The night before their wedding, Kim Kwang-yoon and Cho Jin-oh were up until 2am with the bride's mother, setting tables. Their marriage venue: a room in the basement of Seoul City Hall, rented from the government for US$60 (S$80).
With South Korea's average wedding expenditure last year at nearly US$64,000, or about double that of the US, more citizens are spurning lavish events for smaller functions as the economy slows and parents nearing retirement have less money to splurge.
South Korean weddings are typically a show of status, with hundreds of guests and expensive gifts. The average expenditure, from a survey by wedding planner Duo, excludes the cost of housing, traditionally provided by parents.
"I felt that if I don't like getting invitations from people I don't know very well, they would feel the same. I wished for my wedding to be celebrated by people I wanted there," says Cho, 32. She and her 34-year-old husband paid the US$10,000 cost of their recent wedding themselves.
Boost to marriage
Huge marriage expenses prompt more young people to delay marriage, and consequently children, worsening one of the world's lowest birth rates in a population that is aging the fastest in the industrialised world.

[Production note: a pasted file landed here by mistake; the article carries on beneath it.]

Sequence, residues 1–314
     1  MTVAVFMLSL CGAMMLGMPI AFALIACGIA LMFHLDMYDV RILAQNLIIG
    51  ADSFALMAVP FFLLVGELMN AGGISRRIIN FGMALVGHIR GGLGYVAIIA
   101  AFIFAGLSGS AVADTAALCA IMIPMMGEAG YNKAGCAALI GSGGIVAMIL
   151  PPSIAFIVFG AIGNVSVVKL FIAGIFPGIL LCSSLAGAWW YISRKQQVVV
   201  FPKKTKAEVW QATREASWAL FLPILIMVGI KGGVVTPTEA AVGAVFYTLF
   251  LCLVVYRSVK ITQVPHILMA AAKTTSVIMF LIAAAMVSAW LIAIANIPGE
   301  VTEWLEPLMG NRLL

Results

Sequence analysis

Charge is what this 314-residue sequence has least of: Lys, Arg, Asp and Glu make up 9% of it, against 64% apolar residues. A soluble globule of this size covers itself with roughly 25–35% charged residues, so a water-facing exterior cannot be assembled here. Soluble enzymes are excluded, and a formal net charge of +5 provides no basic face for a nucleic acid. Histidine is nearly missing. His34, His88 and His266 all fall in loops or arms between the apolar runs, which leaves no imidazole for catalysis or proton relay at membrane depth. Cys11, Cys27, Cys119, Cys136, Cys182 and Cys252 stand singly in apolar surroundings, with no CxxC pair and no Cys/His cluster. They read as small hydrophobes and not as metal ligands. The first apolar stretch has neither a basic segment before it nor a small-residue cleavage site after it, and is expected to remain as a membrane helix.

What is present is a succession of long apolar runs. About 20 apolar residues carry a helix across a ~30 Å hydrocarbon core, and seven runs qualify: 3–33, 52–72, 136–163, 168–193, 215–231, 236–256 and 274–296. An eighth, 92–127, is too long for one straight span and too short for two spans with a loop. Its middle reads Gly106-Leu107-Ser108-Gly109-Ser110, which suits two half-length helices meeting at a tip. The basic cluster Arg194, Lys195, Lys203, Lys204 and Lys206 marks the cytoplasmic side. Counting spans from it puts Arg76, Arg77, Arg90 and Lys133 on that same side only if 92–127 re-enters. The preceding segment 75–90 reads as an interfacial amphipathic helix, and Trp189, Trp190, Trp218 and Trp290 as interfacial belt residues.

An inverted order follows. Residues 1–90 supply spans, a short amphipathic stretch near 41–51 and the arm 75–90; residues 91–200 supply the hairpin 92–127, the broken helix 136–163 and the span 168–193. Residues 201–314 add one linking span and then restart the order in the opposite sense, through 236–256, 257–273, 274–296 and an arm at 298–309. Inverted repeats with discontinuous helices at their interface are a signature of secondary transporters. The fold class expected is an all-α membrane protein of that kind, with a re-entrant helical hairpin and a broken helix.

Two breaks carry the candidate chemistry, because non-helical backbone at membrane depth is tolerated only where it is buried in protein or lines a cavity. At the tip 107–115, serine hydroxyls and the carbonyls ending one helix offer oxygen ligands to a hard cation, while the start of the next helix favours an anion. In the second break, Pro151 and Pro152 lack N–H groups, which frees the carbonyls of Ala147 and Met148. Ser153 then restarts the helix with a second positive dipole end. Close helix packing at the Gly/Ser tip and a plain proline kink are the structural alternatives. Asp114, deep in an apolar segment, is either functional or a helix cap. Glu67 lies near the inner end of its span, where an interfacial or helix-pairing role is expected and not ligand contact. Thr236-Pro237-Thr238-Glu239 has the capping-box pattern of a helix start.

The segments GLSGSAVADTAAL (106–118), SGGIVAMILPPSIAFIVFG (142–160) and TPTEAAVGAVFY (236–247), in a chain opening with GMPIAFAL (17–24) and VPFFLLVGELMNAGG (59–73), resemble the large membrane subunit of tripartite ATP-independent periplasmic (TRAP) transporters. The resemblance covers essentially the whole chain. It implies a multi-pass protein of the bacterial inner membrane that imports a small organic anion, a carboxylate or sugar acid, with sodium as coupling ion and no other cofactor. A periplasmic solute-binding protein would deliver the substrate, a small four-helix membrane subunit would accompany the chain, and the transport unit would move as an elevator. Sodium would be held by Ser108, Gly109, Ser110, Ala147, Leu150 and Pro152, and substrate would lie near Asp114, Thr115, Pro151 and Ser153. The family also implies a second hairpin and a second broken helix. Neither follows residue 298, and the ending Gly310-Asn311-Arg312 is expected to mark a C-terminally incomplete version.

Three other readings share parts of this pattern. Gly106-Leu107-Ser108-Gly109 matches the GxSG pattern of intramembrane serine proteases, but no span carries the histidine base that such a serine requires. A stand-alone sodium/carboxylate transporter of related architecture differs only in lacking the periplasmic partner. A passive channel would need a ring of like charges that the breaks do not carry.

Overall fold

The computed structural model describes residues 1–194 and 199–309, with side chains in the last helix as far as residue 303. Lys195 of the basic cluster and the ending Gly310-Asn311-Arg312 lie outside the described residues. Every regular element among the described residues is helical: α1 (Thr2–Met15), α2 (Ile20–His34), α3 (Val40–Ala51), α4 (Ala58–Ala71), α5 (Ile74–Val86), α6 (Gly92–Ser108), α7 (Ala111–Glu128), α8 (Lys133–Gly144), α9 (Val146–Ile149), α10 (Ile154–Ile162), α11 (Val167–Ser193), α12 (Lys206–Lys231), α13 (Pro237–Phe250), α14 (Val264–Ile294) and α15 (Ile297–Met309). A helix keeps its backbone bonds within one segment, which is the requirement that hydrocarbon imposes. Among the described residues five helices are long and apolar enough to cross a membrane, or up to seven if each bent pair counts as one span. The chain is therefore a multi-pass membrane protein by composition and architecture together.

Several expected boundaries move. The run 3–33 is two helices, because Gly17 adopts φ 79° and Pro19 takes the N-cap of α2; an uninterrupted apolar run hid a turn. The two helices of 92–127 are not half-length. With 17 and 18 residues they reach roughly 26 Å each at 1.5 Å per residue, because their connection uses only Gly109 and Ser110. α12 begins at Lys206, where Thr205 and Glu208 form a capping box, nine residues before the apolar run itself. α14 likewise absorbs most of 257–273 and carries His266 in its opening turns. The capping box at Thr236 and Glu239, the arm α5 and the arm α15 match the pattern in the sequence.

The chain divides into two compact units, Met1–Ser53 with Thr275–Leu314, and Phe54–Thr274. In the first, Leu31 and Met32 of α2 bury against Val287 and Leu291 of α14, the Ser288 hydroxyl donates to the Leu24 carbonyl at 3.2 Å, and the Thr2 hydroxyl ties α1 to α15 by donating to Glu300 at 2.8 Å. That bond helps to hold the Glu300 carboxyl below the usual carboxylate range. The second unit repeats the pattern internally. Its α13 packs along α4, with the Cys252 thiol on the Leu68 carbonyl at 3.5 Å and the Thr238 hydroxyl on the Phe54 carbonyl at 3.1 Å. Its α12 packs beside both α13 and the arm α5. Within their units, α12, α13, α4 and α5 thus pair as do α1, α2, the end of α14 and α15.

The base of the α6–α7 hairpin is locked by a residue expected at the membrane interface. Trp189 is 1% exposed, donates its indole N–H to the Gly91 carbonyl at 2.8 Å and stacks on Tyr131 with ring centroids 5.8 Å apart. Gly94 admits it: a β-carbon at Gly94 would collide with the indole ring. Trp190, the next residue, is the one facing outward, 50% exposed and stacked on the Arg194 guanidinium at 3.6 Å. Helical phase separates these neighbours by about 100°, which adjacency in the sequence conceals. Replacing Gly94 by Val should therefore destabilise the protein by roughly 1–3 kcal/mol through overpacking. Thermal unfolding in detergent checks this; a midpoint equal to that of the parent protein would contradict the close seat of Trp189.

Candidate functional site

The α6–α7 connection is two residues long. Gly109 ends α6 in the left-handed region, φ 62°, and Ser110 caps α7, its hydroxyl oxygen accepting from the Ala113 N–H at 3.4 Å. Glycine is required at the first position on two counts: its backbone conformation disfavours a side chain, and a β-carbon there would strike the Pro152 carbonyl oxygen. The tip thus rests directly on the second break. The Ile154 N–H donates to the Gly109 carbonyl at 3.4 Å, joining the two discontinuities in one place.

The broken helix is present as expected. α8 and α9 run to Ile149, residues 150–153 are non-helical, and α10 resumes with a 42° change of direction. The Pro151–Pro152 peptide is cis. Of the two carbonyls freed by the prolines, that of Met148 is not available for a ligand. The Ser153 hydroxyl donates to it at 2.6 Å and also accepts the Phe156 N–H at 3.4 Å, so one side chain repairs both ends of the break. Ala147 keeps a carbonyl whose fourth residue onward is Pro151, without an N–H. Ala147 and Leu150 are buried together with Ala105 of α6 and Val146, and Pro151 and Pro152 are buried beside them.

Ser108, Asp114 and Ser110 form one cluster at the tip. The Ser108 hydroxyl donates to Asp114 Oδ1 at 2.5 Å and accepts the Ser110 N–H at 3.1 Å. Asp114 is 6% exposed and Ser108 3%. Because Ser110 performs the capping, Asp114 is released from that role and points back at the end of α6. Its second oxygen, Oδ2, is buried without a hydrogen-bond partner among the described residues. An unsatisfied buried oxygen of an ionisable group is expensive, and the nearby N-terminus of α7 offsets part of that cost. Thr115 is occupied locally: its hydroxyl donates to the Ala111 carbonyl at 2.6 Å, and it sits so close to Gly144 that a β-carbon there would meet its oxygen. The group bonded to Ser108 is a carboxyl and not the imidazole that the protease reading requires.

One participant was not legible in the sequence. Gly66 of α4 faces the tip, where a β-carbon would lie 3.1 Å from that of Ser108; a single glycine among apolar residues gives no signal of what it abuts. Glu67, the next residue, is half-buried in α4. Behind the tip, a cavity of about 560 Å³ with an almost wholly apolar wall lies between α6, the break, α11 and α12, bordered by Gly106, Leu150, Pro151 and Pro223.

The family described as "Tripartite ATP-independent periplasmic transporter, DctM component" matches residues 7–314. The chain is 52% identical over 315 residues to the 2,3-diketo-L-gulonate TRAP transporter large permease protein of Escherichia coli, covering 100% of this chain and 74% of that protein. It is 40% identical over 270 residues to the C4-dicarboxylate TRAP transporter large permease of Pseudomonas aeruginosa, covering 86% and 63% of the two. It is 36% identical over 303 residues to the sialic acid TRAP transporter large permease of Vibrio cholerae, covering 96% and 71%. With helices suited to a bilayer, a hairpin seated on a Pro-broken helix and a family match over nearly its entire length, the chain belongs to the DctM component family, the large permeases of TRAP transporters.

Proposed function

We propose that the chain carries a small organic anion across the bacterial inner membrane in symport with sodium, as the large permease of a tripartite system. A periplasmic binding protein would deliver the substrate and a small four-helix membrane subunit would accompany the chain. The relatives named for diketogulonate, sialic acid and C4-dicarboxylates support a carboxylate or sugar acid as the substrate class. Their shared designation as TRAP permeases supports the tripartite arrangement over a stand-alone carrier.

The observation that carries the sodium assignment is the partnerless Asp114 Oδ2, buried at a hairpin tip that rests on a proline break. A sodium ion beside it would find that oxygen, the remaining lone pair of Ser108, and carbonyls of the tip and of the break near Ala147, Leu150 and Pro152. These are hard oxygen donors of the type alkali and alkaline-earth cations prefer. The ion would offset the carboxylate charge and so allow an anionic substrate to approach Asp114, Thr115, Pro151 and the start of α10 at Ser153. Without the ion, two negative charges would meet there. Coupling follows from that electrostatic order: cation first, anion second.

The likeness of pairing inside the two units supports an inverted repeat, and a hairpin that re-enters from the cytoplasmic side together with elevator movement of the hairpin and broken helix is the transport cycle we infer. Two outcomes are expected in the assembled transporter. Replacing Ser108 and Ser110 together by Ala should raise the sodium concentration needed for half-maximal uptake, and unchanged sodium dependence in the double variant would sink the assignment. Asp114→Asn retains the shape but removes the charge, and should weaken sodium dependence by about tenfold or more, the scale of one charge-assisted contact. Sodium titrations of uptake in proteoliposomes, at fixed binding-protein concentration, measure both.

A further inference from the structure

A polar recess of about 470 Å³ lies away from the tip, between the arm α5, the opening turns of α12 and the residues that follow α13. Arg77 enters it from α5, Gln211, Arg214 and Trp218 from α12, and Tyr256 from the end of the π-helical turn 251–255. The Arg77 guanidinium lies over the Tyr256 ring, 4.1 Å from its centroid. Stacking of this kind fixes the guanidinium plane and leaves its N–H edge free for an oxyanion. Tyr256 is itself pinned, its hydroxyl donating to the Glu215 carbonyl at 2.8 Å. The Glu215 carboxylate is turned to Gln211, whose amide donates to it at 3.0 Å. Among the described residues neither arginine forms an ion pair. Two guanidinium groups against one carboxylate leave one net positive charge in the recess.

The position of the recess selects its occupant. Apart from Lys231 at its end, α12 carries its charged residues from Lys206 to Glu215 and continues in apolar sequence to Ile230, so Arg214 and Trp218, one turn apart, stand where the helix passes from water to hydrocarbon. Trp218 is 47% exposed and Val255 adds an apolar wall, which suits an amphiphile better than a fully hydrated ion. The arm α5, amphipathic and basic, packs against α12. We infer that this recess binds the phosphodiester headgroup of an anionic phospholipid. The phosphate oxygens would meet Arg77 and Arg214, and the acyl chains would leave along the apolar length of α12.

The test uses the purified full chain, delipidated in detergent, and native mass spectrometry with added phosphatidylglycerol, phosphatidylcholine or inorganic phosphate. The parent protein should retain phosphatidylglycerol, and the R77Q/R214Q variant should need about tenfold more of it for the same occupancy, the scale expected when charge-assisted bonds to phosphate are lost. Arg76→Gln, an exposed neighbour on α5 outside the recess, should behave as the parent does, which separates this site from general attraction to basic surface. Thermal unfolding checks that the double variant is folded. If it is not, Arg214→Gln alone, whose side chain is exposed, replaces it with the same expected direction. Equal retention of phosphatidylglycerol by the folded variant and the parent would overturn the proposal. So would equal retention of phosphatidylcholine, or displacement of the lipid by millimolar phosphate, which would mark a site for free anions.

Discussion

To boost marriage rates from an all-time low in 2014, the government is renting out public buildings cheaply. The trend began to take off last year, spurred partly by celebrities, says Kim Jung-youl, an official of the Ministry of Gender Equality and Family.
The latest no-frills celebrity wedding happened in early June, when movie stars Won Bin and Lee Na-young married in a wheat field 150km from Seoul, amid fewer than 50 guests.
Less is more
Kim and Cho, who sell indoor lighting online, saves on the venue and Cho's wedding dress, bought online for US$100, but a two-week honeymoon to Paris will soak up half their spending.
"Weddings turned into lavish affairs because South Koreans were packing traditions from here and the West into one," says Lee Sung-hee, a senior planner at Duo, the country's largest matchmaking and wedding consultation company. But that's changing as the average marrying age climbs.
The small wedding trend also brings relief for parents, as South Koreans in their 50s and 60s are the most heavily-indebted in a country whose household debt ranks among the world's highest.
Half of Duo's queries come from couples wanting small weddings, up nearly three times from 2008, Lee said, adding, "As couples to be married get older, they can stand up to conventional culture and their parents' demands more easily."